Fentek Audio


Today I am really excited and happy.  This week kicked off in a really positive way with the Leith FM appearance on John Paul’s Sunday Service.  Then the Kays gig at Electric Circus went really well.  Well, perhaps not turn out wise, but musically I was so happy with how we sounded and how the songs are developing.  And then a couple of things happened yesterday that made my week.  One of the things is still not 100% confirmed so I won’t shout about it as yet but if it gets confirmed today then I’m going to be buzzing like a buzzy bee for the rest of the day!  The main thing that has happened this week to make me smile is that Alex Fenton, the wonderful sound engineer at the Wee Red Bar and the reason Trampoline is always so good, has given me a cd of 20 tracks by the artists that played Trampoline during the festival.  Let me tell you, Alex is special.  He has always been so good to me both in terms of the Kays and Trampoline and I do not honestly think that I have come across a better sound engineer in all my travels.  How he is not touring or working with more established bands is beyond me.  He runs a business called Fentek Audio.  Not only does he do live sound but he is a brilliant engineer and equally happy recording, mixing and mastering stuff.  The cds he has given me totalling 24 tracks from the Festival shows is absolutely brilliant and I now have the pleasure of sifting through and deciding on what tracks will go out on a trampoline sampler.  On it will be tracks by Adam Stafford, The Kays Lavelle, The Japanese War Effort, Conquering Animal Sound, Jonnie Common, Shenandoah Davis, Lovers Turn To Monsters and Woodenbox with a Fistful of Fivers.  It’s going to be great when we get it out there for public consumption.  You can hear some of the Kays tracks on our myspace page now.  And yes, I have had my fingers smacked by Alex for putting these up and I understand why, but I am so excited about them and also want top promote him and his work as much as possible as well as the Kays.  He deserves to be recognised for the brilliant engineer he is.  I know he should be touring or working with some major band and hopefully that will come soon.  If you are an artist and you want to record or you need a sound engineer I can guarantee that you will not be disappointed.  He’s a lovely fella, very chilled out and great to work with .  Please go check out his website and get in touch with him because he will make a great job of whatever it is you want done.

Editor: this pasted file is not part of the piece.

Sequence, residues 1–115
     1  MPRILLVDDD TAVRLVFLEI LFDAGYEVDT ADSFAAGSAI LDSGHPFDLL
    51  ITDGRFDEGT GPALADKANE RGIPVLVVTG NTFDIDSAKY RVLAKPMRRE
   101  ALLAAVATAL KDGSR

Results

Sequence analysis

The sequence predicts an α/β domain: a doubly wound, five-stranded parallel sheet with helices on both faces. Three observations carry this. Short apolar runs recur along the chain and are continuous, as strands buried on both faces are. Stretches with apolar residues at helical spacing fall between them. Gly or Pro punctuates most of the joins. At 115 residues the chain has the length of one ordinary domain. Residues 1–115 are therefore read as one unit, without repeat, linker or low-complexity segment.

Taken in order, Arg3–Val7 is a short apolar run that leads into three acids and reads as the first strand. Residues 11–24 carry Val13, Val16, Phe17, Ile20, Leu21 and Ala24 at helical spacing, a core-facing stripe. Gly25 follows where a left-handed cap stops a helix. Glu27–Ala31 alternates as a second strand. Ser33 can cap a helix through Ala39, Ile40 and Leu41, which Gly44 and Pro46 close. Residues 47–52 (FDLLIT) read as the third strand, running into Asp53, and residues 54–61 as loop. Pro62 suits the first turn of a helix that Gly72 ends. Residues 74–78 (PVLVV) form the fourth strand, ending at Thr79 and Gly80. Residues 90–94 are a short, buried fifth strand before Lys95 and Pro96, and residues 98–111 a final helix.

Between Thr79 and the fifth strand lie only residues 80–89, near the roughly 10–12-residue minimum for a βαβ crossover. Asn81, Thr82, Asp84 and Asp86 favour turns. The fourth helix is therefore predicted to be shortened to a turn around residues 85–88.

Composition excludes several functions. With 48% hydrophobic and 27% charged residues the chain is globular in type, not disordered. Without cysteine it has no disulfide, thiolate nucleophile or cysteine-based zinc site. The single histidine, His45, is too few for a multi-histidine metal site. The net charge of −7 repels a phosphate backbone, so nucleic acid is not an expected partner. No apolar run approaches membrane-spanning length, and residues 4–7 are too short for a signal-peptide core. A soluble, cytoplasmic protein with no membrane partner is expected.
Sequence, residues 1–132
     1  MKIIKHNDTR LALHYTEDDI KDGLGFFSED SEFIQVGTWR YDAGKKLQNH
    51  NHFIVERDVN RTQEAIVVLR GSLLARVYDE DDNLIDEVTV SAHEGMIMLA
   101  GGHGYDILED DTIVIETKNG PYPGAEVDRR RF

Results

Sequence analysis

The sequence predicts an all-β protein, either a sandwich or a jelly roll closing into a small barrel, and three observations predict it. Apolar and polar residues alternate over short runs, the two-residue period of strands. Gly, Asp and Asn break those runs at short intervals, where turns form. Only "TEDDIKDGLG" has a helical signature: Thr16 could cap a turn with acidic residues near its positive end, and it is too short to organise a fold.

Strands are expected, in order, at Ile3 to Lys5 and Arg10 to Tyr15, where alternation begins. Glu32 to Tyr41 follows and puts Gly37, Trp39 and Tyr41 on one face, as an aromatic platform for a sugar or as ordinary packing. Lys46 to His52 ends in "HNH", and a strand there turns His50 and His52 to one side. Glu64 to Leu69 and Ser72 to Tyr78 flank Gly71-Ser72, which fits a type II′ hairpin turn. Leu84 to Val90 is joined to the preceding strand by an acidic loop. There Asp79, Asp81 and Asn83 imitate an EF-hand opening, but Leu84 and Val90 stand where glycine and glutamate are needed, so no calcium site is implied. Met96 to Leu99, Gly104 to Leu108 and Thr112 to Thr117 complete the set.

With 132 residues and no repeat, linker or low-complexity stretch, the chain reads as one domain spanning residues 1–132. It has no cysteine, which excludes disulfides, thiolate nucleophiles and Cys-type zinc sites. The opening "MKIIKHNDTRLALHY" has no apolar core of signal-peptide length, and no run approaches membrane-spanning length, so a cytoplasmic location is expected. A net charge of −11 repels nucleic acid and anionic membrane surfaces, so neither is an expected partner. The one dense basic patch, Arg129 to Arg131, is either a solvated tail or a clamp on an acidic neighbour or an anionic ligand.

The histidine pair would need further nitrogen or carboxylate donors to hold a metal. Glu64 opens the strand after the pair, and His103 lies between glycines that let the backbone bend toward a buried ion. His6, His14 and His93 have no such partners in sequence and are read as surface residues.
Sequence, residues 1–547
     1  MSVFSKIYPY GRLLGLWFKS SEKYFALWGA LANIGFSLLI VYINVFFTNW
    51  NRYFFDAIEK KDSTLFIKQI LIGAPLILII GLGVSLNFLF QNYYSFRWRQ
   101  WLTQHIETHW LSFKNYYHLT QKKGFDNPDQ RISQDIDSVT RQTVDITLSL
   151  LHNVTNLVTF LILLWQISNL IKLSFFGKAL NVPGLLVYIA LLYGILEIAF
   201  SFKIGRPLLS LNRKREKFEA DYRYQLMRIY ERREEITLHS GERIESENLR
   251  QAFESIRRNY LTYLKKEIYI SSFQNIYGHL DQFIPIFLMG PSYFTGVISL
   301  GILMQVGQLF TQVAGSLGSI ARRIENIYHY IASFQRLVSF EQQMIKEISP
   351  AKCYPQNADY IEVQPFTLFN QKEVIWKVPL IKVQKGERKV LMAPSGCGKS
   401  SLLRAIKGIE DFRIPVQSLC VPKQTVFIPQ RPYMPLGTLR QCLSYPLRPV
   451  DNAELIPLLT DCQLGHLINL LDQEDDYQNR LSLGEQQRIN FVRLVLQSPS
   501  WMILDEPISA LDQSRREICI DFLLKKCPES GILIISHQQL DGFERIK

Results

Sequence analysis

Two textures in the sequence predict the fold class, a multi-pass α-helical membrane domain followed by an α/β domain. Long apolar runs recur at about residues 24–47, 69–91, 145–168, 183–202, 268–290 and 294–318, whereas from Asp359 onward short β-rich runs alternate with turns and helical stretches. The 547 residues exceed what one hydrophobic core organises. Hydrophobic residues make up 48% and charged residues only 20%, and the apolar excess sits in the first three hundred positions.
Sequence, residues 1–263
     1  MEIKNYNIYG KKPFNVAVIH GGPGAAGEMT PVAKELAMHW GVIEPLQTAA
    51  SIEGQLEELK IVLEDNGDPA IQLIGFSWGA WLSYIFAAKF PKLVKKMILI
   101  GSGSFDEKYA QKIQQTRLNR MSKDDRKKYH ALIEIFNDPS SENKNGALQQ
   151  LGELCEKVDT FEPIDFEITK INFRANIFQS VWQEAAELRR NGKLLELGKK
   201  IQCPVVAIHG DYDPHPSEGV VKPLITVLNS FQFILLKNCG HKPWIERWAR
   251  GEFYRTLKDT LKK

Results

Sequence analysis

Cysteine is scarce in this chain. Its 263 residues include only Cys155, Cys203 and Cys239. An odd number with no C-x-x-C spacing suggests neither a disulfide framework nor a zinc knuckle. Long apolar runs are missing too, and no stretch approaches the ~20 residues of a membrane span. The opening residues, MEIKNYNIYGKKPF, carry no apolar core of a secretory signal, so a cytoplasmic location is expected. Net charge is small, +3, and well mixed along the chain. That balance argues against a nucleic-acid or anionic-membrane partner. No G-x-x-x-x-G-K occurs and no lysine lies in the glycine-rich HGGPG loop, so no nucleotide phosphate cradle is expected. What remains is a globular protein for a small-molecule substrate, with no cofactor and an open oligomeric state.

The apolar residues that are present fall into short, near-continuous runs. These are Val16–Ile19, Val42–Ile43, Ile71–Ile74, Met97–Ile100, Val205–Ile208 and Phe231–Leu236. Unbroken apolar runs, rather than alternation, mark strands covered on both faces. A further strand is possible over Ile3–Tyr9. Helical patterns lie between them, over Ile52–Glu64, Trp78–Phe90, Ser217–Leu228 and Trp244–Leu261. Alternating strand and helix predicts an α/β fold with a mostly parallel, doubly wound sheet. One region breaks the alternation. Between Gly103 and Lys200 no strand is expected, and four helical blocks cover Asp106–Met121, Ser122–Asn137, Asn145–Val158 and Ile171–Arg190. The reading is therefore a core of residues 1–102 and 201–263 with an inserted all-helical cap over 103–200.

What A Lovely Weekend